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Poem by John Stagg

The Panic

GOD prosper long auld T ALLENTIRE,
 His wife an' bairns an' a',
An' uncot feary fray there did,
 At Renwick yence befa'.

The guod fwoak of the parish erst,
 A vow to god did make,
That as the Kurk was like to fa',
 They down the pile wad take.

And on that spot and self-same room,
 Their former Church had fill'd,
They wad, as soon as possible,
 A better new yen build.

For in their Tabernacle frail,
 The people dought not bide,
And yet t'were mete on the Lword's day,
 The Lord war glorify'd.

To raise this fane wi' leyme an' stane,
 A' Renwick tuok their way;
The bairn sal laugh that's yet unbworn,
 At that eventful day.

But ere a temple could be rais'd,
 Wherein to preach and pray,
'Twas needful furst the auld yen sud
 Be tirl'd and clear'd away.

Wi' meeght and main the parish rwose,
 (God fearing), pious people;
Wi' easy fa's furst fell the wa's,
 Then bang came down the steeple.

For as king Solomon hath said,
 The place I'll not turn tilt,
There is a teyme to big and eke,
 To pull down that that's built.

Sea here wi' gavelicks, hacks, and shouls,
 The fwoak leyke furies work,
And lang or hauf the day was duone,
 They'd feckly down'd the kurk.

When as with lev'ling bats they bang'd,
 About the steeple's base,
To down an nndemolish'd nuok,
 An' fairly clear the place.

Wi' dreadful noise on sounding wings,
 A hideous monster rose,
And round their faces, eyes, and ears,
 Its dingy pinnions throws.

In corriscations here and there,
 Now high, now low it flew.
The people glop'd wi' deep surprise,
 Away their wark-gear threw.

And to their heels they tuok wi' speed,
 Seyne he that fastest ran,
Esteem'd himsel as fair he meeght,
 Wate weel the luckiest man.

For whea wad be sea daftly baul,
 Expos'd in sec a cease,
As madly stop and turn to meet
 The deevil in the feace.

Nae, for a meyle they ran at least,
 Till a' war felly spent,
Then down they sat in council grave,
 To muse on this event.

There monny a curious judgment past,
 And queerfar'd exposition,
What this infernal spright might be,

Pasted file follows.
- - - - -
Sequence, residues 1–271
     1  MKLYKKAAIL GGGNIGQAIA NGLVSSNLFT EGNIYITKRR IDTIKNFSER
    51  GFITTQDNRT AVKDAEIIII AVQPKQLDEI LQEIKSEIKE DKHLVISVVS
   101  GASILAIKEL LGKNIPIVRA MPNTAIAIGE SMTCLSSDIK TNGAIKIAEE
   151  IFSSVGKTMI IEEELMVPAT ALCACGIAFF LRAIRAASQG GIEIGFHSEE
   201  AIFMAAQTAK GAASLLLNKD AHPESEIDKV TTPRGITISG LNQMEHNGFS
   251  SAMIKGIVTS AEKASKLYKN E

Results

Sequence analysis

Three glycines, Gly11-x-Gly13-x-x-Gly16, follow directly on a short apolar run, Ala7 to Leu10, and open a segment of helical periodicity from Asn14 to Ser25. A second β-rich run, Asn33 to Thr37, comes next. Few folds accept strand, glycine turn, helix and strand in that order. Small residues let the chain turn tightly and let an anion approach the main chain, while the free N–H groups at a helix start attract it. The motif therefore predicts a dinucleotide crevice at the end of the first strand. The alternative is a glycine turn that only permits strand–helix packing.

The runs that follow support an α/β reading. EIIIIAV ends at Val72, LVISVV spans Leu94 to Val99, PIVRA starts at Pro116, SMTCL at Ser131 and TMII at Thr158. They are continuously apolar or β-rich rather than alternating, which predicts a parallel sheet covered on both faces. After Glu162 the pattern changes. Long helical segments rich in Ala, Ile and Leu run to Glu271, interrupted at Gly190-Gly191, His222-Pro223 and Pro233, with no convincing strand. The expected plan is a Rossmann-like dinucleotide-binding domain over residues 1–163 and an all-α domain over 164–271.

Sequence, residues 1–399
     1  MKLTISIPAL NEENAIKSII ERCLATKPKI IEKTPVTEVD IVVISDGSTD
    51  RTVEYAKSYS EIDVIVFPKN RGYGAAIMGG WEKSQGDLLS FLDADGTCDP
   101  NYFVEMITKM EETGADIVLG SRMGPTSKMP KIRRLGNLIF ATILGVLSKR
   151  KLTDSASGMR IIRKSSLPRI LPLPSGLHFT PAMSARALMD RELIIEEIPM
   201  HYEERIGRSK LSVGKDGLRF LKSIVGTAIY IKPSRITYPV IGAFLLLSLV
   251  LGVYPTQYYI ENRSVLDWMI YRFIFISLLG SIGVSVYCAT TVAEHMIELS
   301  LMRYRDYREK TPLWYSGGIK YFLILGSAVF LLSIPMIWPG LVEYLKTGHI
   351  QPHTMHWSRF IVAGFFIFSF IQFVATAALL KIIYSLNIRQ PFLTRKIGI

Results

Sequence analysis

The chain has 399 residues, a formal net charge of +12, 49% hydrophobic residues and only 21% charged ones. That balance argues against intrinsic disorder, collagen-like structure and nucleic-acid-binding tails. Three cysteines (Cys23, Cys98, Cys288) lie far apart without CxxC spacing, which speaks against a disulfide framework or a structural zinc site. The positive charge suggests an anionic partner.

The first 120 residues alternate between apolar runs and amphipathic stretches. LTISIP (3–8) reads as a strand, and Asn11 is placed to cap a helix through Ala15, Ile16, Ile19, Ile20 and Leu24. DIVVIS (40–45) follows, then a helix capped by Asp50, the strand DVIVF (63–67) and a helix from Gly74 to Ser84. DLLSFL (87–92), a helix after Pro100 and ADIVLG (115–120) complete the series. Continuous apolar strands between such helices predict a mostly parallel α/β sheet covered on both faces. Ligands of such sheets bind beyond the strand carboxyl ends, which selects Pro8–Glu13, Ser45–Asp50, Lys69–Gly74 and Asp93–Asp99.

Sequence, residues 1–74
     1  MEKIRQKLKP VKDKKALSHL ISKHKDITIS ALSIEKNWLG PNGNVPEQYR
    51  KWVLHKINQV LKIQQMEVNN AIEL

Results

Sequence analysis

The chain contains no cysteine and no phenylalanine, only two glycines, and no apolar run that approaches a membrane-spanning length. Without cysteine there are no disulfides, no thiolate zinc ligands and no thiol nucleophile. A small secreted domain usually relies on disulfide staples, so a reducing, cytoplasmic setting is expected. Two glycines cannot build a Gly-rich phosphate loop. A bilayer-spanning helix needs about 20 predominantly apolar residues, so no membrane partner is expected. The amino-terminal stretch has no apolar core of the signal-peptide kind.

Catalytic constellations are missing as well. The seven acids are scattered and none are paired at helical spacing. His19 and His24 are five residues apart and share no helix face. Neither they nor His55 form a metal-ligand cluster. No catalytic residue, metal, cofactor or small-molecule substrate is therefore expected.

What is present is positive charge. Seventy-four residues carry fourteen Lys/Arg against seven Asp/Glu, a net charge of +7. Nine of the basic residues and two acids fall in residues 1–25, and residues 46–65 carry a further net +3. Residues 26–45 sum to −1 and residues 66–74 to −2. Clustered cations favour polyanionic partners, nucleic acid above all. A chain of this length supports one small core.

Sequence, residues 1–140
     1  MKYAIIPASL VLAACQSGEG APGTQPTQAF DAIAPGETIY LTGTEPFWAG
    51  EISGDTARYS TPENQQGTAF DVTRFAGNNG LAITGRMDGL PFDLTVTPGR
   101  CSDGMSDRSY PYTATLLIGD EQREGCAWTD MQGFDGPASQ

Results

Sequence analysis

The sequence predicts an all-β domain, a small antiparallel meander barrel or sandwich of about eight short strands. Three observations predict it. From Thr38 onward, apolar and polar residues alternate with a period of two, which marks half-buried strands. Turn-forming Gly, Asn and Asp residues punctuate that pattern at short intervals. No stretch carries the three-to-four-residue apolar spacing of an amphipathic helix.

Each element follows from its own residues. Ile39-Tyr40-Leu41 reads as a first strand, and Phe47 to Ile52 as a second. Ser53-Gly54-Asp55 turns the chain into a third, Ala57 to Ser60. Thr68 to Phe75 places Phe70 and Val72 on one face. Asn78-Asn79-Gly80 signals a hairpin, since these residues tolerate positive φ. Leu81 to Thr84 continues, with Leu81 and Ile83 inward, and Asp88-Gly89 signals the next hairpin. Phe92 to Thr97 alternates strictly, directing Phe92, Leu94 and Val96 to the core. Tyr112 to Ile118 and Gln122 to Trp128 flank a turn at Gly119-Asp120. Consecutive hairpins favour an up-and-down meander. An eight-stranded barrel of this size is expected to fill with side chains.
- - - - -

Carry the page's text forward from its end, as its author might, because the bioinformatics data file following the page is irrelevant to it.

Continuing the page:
This flaysome apparition.

Some said it was the de'il himsel,
 Whae aye in secret lurks,
To counteract the works of grace,
 In corner of auld kurks.

But others of opinion war,
 Some wand'ring ghaist 't meeght be,
That had been conjur'd here of yore,
 And thus by chance set free.

Tho' the majority agreed,
 Which nwotion took the sway,
That 'twas a Cockatrice an' weel,
 War they that ran away.

For had the monster fix'd his een,
 On them befwore they fled,
They had as seer as eggs are eggs,
 Been every soul struck dead.

But seyne 't'ad pleas'd the powers abuin,
 To shield them frae annoy,
'Twas mete that methods they devis'd,
 This pestment to destroy.

Yet where a champion might be fund,
 With heart and valour stout,
Sea terrible a foe to feace,
 Was matter of dispute.

Then up ruose doughty T ALLENTIRE ,
 At that teyme parish clerk,
And said guod neebor's ne'er be baz'd,
 I'll undertake the wark.

Wi' Rowan Tree weel fenc'd about,
 We're seafe frae every evil,
For weel I ken that wood has power,
 To scar away the deevil.

Sea said frae the furst buss they met,
 Each man ruove down a beugh,
But Tallentire cut for his sel,
 A stow'r beath lang and teugh.

Then back to Renwick Kurk they march,
 Tho' not at sec a peace
As when they left it, but as if
 They had the De'il to feace.

Bauld Tallentire wi' spelfu' spear,
 Unrival'd takes the lead,
The lave tho' hang'dly follow him,
 Wi' nea uncommon speed.

And monny a panting heart was there,
 That buode full bitter picks,
For tho' wi' witch wood weard, yet weel,
 They kend auld Hornie's tricks.

And should miscarriage in the end,
 Their tryste thus bauld befa',
Auld Nick wi' cowper han' wad tek
 Full vengeance on them a'.

At length they reach'd the fated spot,
 And circling round the peyle;
Halt, ere the bruoly they begin,
 To breathe and think awheyle.

For whea wi' rashness wad proceed,
 The de'il sea clwose at han',
Nay een the bauldest of the bauld,
 Wad here have meade a stan.

But suon tbe steans they gin to rowk,
 An' bicker but an' ben',
Wi' picks an' poles agean to raise,
 The deevil frae his den.

Forth frae the bit they scry'd it furst,
 Agean the demon springs,
An' roun' their lugs an' haffits flaps,
 His diabolic wings.

Struck wi' surprise, these sons of fear,
 Set up a piteous rwoar,
Tuok to their heels an' run as fast
 As they had done befwore.

Save Tallentire, the dauntless clerk,
 Of heart and mettle sound,
He scworn'd an Ignominious fleeght,
 And bravely stuode his ground.

And as the foe his circles wheel'd,
 Now darting high, now low,
The Champion at the fluttering fiend,
 Aim'd many a harmless blow.

Still by agility or chance,
 It shuns his fiercest strokes,
Tho' baith wi' pith and skill bestow'd,
 Which sair the Clerk provokes.

For tweyce or threyce between his een,
 It peck'd some sharpish blows,
At last as if from mere contempt,
 It sЧt upon his nose.

An' lang the goblin vex'd him sare,
 Till by yae lucky drub,
His adversary sunk beneath
 His massy magic club.

Drawn by his shouts triumphant, back
 His friends far scatter'd round
Returns to see the foe whea lies
 Expiring on the ground.

But what was their surprise to see
 This demon dire, why what?
In sooth 'twas nowther mair nor less,
 Than a puor owrgrown bat.

Thus hath the world been oft alarm'd,
 By bugbear panic fears;
The mountain labours, and behold
 A feckless mouse appears.

John Stagg

John Stagg's other poems:
  1. Occasional Reflections
  2. Sonnet on Winter
  3. Tom Pendant
  4. The Sapient Ass
  5. Sonnet on Autumn

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